Performance Testing Your Force.com Application

One advantage of the Force.com platform is that it allows you to develop applications quickly and easily using both standard and custom features, such as custom Visualforce pages and Apex classes.

But how can you test whether your application can scale to meet the needs of your growing user base? The Force.com platform includes a framework for creating and running test classes, but when you need to account for larger volumes of data and more demanding application conditions, you might need to move a level beyond unit testing.

A previous Technical Enablement article covered a strategy called performance profiling, which involves investigating and planning for performance bottlenecks. This blog post helps you plan for growth by outlining your application testing options, explaining which ones you should use and when you should use them, and suggesting how you should work with salesforce.com Customer Support to maximize your tests’ effectiveness and value.

Types of Testing

Stress testing

Stress testing is used to gauge performance during abnormal or extreme conditions, which are often caused by diminished resources or excessive requests. The main goal of stress testing is to find the boundaries of a system.

Load testing

Load testing is used to gauge performance under expected conditions with varying loads (i.e., increasing numbers of users or transactions) and configurations.

Performance testing

Performance testing measures performance under a particular workload, and includes both stress testing and load testing.

Do you need to stress test the Force.com platform?

No. The Force.com platform serves over 1 billion transactions daily with an average response time of under 300 milliseconds, and salesforce.com tests and monitors the platform to ensure that it has excess capacity.

You should definitely take advantage of the platform’s efficiency–but not by writing inefficient code. Salesforce.com guards against highly inefficient code by using governor limits, which help ensure both that your users have a consistent application experience and that resources are available to all salesforce.com customers. (One limit, the Apex Apex script statement limit, is being phased out in the Winter ’14 release, but its original reason for existing was the same.)

Your goal should be to use load testing instead of stress testing. If you try to stress test, you’re likely to reach governor limits or have salesforce.com terminate your tests so they don’t affect shared resources on the multitenant Force.com platform. Performance test your anticipated loads instead.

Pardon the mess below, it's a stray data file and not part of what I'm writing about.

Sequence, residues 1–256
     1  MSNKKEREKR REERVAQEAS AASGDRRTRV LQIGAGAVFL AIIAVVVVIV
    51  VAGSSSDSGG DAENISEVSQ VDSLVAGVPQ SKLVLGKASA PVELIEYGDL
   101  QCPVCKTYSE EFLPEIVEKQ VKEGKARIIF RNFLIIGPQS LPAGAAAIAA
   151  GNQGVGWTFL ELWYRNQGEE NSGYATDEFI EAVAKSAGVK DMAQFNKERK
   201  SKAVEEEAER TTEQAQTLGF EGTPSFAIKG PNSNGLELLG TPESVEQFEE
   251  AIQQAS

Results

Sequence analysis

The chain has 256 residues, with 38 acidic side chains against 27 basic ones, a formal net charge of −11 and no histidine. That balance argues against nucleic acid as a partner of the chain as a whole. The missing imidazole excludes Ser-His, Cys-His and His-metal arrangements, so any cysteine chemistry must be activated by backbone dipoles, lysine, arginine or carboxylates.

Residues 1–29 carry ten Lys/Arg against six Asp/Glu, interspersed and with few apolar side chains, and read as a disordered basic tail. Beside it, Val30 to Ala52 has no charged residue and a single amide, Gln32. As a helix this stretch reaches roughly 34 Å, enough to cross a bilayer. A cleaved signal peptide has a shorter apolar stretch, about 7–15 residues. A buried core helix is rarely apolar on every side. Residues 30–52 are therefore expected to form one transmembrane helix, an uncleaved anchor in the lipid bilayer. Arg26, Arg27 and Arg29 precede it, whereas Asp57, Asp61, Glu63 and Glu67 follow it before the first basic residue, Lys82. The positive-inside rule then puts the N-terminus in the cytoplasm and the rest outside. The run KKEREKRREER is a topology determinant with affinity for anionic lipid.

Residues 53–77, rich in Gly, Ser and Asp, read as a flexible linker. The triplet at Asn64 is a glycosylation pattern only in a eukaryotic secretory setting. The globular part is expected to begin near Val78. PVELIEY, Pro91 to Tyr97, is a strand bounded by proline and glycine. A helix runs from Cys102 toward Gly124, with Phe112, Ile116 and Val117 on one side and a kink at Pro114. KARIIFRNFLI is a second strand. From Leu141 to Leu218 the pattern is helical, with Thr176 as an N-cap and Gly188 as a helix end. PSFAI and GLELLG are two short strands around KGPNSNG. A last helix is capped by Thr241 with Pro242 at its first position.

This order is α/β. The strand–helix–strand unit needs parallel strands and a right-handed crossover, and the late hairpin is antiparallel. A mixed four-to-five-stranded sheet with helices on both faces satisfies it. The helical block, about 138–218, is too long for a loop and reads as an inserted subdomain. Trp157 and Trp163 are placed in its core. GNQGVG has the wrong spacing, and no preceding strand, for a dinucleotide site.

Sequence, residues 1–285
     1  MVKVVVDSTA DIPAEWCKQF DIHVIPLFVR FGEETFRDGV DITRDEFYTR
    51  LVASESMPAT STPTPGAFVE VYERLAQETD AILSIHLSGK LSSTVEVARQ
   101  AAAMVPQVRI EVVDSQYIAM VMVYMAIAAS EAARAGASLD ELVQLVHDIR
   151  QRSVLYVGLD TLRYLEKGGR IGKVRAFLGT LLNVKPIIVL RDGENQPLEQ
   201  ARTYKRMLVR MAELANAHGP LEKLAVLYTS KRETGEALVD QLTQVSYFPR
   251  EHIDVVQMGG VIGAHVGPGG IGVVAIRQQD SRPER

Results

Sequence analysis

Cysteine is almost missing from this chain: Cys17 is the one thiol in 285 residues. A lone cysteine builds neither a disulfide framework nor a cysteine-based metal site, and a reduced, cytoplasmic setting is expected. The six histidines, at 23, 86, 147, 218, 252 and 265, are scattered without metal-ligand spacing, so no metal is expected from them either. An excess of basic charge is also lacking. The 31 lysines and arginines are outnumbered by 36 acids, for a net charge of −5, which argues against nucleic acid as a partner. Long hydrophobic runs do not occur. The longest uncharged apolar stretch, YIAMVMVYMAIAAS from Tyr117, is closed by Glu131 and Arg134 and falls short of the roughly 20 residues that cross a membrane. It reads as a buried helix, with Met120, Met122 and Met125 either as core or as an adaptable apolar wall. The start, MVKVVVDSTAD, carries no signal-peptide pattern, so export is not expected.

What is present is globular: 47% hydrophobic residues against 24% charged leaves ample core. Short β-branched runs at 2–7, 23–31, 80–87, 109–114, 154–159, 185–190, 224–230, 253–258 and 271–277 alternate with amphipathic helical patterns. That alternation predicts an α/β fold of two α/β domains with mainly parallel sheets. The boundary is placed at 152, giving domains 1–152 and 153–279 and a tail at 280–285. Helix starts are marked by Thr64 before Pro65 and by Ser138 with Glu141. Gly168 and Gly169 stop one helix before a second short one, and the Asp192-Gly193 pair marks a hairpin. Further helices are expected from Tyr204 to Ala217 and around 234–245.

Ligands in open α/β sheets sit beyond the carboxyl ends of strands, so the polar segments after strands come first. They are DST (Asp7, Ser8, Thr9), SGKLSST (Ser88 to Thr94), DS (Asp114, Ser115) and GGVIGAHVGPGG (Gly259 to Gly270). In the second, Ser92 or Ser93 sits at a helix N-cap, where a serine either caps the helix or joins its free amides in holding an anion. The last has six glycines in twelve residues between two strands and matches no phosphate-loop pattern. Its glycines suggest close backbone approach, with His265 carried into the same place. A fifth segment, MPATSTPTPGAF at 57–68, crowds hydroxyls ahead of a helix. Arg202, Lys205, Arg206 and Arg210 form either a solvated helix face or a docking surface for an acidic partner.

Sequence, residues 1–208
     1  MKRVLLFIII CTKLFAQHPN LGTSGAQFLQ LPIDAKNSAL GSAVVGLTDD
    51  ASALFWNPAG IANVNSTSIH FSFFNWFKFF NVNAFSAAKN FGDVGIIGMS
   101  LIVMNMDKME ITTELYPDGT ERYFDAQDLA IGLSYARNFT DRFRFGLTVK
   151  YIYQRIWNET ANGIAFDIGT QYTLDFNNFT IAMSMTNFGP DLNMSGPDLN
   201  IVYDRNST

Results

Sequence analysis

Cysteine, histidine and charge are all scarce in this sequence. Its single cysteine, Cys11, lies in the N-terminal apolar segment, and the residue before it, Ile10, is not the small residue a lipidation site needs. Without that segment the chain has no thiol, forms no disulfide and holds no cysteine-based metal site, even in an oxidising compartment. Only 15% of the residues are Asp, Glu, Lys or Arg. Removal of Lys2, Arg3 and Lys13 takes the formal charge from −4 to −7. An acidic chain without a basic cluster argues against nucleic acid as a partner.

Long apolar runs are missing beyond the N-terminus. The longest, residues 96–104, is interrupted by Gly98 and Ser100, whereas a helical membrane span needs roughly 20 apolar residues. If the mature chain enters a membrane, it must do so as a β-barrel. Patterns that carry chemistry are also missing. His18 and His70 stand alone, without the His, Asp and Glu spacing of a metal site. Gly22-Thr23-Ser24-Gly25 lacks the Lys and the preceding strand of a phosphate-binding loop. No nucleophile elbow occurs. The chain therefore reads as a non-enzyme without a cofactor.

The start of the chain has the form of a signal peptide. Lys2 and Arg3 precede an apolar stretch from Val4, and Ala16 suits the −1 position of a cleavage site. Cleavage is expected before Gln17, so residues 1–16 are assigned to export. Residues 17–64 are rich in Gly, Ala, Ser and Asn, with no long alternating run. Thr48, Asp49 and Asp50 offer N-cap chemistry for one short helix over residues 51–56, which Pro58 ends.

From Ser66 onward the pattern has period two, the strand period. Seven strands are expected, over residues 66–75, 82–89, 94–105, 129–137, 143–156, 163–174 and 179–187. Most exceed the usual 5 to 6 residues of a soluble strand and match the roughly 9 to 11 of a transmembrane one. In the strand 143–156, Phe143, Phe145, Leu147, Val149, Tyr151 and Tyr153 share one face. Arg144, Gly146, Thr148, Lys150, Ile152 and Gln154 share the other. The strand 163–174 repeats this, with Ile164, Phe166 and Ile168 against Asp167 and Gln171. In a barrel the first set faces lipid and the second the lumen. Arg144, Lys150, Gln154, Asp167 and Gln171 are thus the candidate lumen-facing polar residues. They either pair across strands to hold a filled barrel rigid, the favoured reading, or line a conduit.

Note: Salesforce.com allows performance testing only in sandbox environments, which also enforce governor limits.

When should you performance test on the Force.com platform?

Performance test if you have highly customized code or large transactional volumes.

The goals of performance testing on the Force.com platform are to:

  • Ensure that custom application or business logic meets your desired response times
  • Determine whether your estimated transaction throughput of anticipated loads is accurate

Before you consider using performance testing, unit test specific features to identify performance benchmarks for your requests. You can use the Developer Console, Workbench, and your debug logs to identify performance issues associated with your Visualforce pages and Apex classes; this article about performance profiling has a lot of information that can help you get started.

Sandbox vs. Production

Don’t benchmark performance in a sandbox organization anticipating the same performance in your production organization. Due to variables such as data distribution and user load patterns, which can be fluctuate because of database caching and the queue performance associated with asynchronous processing (@future calls), requests might perform faster or slower in production.

You can use performance testing in sandbox to uncover conflicts between requests. These conflicts might include locking issues that are caused by data skew or user requests that stall because of an integration’s DML operations. In addition, you can load test in your sandbox organization to test the performance of external Web services.